sacrificing the chances of

our medal hopes

slide45

Athens Management

President

Chief Executive

Chef de Mission:

Hajera Kajee

(first female, first black female)

Deputy Chef de Mission:

Vernon Phakathi

slide46

Athens Accommodation

Hotel - Emmantina

Cruise Liner - Oosterdam

Queen Mary Ⅱ

Village - Athletes, Media

slide47

Athens Hospitality

  • Welcome Function by SA Ambassador to Greece
  • Hotel Rooftop
  • Restaurants
  • Fli-Afrika provides packages
slide48

Training Camps

  • Early 2004
  • June 2004
  • Pre-departure
slide49

Olympic Youth Camp

  • One Male; One Female
  • Age 16 – 18 Years
  • 16 Days
  • Collaboration with the Dept of Education
  • Date: 11 – 26 August 2004
slide51

Olympic Torch Relay

  • First time in Africa
  • Passing through 31 Cities
  • Cape Town - Saturday 12 June 2004
  • Engaged the City of Cape Town
  • Made presentation to relevant role players (SAPS, Traffic, ACSA)
  • Part of 10 Years of Democracy celebrations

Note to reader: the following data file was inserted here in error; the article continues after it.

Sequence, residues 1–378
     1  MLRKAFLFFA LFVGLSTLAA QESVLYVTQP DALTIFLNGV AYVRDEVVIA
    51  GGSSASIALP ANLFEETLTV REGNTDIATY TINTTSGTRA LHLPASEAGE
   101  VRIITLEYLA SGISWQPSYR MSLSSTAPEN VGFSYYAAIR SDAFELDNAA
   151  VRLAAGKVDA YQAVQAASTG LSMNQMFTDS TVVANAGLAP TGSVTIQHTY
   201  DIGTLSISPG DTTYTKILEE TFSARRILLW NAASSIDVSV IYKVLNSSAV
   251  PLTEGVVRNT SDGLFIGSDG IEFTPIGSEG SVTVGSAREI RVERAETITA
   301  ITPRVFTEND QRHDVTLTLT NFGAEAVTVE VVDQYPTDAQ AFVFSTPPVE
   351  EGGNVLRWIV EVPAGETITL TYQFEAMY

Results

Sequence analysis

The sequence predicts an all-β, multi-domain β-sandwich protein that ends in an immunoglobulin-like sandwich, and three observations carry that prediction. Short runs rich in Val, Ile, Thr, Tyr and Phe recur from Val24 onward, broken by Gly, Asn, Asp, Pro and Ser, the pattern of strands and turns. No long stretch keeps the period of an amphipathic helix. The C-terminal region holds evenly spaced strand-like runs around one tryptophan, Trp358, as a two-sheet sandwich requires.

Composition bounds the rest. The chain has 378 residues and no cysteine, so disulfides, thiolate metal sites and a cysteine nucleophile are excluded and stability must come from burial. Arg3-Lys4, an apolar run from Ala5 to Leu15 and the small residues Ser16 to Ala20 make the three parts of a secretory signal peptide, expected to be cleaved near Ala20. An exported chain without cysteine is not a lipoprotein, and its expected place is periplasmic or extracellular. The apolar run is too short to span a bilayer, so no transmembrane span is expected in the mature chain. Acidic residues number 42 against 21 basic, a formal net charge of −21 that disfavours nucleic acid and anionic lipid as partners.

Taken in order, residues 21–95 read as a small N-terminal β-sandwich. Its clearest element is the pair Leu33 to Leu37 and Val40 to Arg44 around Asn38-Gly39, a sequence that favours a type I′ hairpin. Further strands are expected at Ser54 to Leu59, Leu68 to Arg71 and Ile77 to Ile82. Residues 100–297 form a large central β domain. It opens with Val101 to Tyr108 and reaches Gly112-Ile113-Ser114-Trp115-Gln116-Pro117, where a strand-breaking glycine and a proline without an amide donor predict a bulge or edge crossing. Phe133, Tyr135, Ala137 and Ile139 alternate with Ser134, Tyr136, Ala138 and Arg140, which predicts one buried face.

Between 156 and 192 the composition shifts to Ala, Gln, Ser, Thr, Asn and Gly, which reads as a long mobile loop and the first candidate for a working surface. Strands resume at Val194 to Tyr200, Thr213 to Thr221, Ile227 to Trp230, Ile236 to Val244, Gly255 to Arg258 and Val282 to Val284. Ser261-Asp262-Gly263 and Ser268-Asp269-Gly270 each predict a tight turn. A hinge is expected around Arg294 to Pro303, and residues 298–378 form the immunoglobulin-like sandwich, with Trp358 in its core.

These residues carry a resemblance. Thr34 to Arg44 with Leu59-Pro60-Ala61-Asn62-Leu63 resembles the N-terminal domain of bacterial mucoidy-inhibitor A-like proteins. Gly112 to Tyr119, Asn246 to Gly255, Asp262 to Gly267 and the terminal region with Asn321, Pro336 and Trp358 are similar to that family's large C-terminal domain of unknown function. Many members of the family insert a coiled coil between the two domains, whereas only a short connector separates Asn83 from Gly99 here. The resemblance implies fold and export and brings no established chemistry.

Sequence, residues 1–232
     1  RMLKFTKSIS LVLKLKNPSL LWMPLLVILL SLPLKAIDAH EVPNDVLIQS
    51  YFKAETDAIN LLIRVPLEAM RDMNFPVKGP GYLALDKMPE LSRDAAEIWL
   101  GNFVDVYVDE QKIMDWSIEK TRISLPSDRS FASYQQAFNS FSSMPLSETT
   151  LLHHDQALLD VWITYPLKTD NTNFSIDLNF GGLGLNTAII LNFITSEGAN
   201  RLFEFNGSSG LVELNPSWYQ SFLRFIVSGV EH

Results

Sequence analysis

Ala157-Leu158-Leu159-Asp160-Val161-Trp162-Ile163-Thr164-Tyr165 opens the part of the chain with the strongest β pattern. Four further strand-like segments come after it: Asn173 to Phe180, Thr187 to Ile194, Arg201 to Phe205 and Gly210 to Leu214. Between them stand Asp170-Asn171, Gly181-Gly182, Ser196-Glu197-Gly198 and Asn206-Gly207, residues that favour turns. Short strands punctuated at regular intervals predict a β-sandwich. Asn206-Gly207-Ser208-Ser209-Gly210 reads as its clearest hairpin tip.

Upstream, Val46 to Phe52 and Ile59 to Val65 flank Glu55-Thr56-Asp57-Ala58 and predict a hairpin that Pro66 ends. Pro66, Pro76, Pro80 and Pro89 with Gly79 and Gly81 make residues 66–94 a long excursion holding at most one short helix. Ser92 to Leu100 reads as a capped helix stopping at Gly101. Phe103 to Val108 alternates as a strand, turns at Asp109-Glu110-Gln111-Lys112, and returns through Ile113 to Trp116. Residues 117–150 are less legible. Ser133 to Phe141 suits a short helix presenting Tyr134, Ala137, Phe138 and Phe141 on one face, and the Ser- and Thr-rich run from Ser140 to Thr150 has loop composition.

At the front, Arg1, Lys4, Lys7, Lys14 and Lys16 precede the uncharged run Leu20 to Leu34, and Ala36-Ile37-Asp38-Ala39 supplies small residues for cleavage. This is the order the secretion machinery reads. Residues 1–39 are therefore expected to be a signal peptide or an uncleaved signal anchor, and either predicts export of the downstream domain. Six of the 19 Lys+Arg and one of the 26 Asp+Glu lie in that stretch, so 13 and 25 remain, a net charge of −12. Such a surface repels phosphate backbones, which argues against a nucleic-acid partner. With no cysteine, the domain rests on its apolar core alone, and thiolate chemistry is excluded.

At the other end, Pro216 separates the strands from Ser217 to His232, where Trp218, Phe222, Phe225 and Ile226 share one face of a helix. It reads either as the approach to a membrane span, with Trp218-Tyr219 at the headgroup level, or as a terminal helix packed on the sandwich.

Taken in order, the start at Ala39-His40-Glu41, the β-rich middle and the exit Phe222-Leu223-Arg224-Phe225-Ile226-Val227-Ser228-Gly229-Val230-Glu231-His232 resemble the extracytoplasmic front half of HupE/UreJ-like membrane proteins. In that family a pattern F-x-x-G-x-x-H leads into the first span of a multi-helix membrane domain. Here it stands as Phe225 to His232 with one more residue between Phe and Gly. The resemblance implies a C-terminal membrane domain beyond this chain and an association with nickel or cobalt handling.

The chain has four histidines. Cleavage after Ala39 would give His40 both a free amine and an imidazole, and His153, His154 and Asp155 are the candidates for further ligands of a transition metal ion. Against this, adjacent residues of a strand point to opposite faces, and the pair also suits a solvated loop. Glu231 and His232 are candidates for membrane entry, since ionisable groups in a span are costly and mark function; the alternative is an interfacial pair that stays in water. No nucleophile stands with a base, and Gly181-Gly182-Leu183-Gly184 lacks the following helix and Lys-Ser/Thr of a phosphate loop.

slide52

Olympic Torch Relay

  • Covers ± 50 km
  • Approx 120 Torch Bearers
  • Torch Bearers must reflect South African society
  • Evening Celebration
slide53

Olympic Torch Relay

Route – under consideration

  • Robben Island
  • Townships
  • Political significance
  • Stadiums
  • Red Cross Children’s Hospital, Groote Schuur
  • Castle, Slave Route
  • Sea Point
  • Parade
slide55

Making Greater South Africans

  • In conclusion:
  • Our Athletes are being monitored and given all the support that we can muster
  • Our organisational planning is sound
  • The Olympic Torch Relay will be a major boost for Olympism in this country